Thursday, December 15, 2011

Verily Veritas


The Internet is a funny, funny place.  Part information clearinghouse, part social hub, part criminal breeding ground, part miraculous source of all that is good and part colossal time-waster, there is something in the tubes of the Internet for everybody.  In fact, when Churchill was talking about riddles wrapped in mysteries inside enigmas, was he truly referring to Russia?  Or the web?  Best to check Wikipedia.

Ah, Wikipedia.  Wikipedia is either an all-knowing oracle, or a main reason for the decline of the entire educational system in our country, depending on whether you are the provider or receiver of said research.  In truth it's a bit of both.  It's fine if you need to check a concrete, established fact (Lincoln was the president of which country?) but the problem is, you have to know if the information you seek is factual, research-based, or speculative.  Odds are, if you knew all of that, you probably already knew which country elected Lincoln to be their president.

Wikipedia, like so many other things, is a handy stop in the quest for basic drive-through information, and there is nothing wrong with it, provided that additional stops are made to verify your information.  And that's the problem.  We're too often a one-stop-shopper, and assume that what we read is factually accurate, no matter the source.  And it isn't just Wikipedia.  From print media to televised media to electronic media, everything should be questioned, but often is not.  We're increasingly becoming a society all too willing to grab a pitchfork first and ask questions later.  Or never.  I used to joke that "if it's on the Internet, it MUST be true."  Nowadays it's not a joke, and it's really, really not funny.

It's one thing to be skeptical of factoids, news items and political ramblings.  In fact, I think it's healthy to ask questions and do your own research.  But what about literature?  It's disheartening to invest time and emotion and interest (not to mention money) into works that are peddled as true stories, and end up, months if not years later, to be nothing more than a million little pieces of half-truths served with three cups of tea.  I simply don't understand the logic.  A well-written story is a well-written story.  Why would a classification of  fiction make it second-rate?

The problem, I would guess, lies with the four horsemen money, power, greed and notoriety.  It's a powerful draw to be a superlative, whether it is being first, the most controversial, the most sentimental or the most prolific.  Somewhere in that race we're losing the most precious gift of all: we're losing ourselves.  The more we stretch the truth and embellish the facts, the more we become like everyone else: jockeying for position and attention, truth be damned.  And that's really too bad, because an honest slice-of-life piece can be just as compelling as a work of fiction.  But anymore, no matter what I read, I'm going to smile and nod and doubt.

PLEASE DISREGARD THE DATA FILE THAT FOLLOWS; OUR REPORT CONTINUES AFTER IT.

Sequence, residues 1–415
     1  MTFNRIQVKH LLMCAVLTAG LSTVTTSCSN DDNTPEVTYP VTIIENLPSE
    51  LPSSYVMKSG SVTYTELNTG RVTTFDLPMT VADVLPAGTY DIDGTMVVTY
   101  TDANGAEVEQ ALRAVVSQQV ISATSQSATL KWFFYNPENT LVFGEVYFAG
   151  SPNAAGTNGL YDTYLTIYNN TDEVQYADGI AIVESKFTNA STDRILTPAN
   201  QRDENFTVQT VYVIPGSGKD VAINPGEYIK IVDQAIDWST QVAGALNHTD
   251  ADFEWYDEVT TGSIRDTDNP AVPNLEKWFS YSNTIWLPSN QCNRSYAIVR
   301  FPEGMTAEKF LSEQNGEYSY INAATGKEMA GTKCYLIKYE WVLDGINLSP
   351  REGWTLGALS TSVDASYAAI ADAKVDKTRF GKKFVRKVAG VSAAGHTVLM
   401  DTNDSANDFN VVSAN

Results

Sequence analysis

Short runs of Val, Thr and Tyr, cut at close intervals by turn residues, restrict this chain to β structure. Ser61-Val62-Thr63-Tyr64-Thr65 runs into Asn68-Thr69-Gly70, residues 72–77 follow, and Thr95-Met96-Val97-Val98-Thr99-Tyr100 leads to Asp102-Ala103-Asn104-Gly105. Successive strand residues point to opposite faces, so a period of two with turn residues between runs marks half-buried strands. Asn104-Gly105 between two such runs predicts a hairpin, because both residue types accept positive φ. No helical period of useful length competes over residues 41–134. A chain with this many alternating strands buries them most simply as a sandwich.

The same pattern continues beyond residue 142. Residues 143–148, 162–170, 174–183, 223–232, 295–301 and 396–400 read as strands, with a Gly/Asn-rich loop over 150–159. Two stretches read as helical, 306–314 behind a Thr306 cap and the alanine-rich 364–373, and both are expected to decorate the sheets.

And then run to Wikipedia to see if it's true.



Verily Veritas


The Internet is a funny, funny place.  Part information clearinghouse, part social hub, part criminal breeding ground, part miraculous source of all that is good and part colossal time-waster, there is something in the tubes of the Internet for everybody.  In fact, when Churchill was talking about riddles wrapped in mysteries inside enigmas, was he truly referring to Russia?  Or the web?  Best to check Wikipedia.

Ah, Wikipedia.  Wikipedia is either an all-knowing oracle, or a main reason for the decline of the entire educational system in our country, depending on whether you are the provider or receiver of said research.  In truth it's a bit of both.  It's fine if you need to check a concrete, established fact (Lincoln was the president of which country?) but the problem is, you have to know if the information you seek is factual, research-based, or speculative.  Odds are, if you knew all of that, you probably already knew which country elected Lincoln to be their president.

Wikipedia, like so many other things, is a handy stop in the quest for basic drive-through information, and there is nothing wrong with it, provided that additional stops are made to verify your information.  And that's the problem.  We're too often a one-stop-shopper, and assume that what we read is factually accurate, no matter the source.  And it isn't just Wikipedia.  From print media to televised media to electronic media, everything should be questioned, but often is not.  We're increasingly becoming a society all too willing to grab a pitchfork first and ask questions later.  Or never.  I used to joke that "if it's on the Internet, it MUST be true."  Nowadays it's not a joke, and it's really, really not funny.

It's one thing to be skeptical of factoids, news items and political ramblings.  In fact, I think it's healthy to ask questions and do your own research.  But what about literature?  It's disheartening to invest time and emotion and interest (not to mention money) into works that are peddled as true stories, and end up, months if not years later, to be nothing more than a million little pieces of half-truths served with three cups of tea.  I simply don't understand the logic.  A well-written story is a well-written story.  Why would a classification of  fiction make it second-rate?